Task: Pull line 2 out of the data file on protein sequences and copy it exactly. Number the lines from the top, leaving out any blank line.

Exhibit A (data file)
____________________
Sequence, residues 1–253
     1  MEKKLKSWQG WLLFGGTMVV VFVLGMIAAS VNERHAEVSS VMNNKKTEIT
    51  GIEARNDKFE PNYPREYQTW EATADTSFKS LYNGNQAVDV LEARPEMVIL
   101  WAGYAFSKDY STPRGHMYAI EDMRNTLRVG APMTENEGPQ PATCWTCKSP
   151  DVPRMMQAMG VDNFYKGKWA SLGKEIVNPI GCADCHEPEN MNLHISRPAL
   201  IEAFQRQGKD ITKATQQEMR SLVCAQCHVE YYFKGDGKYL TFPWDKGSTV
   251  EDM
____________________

     1  MEKKLKSWQG WLLFGGTMVV VFVLGMIAAS VNERHAEVSS VMNNKKTEIT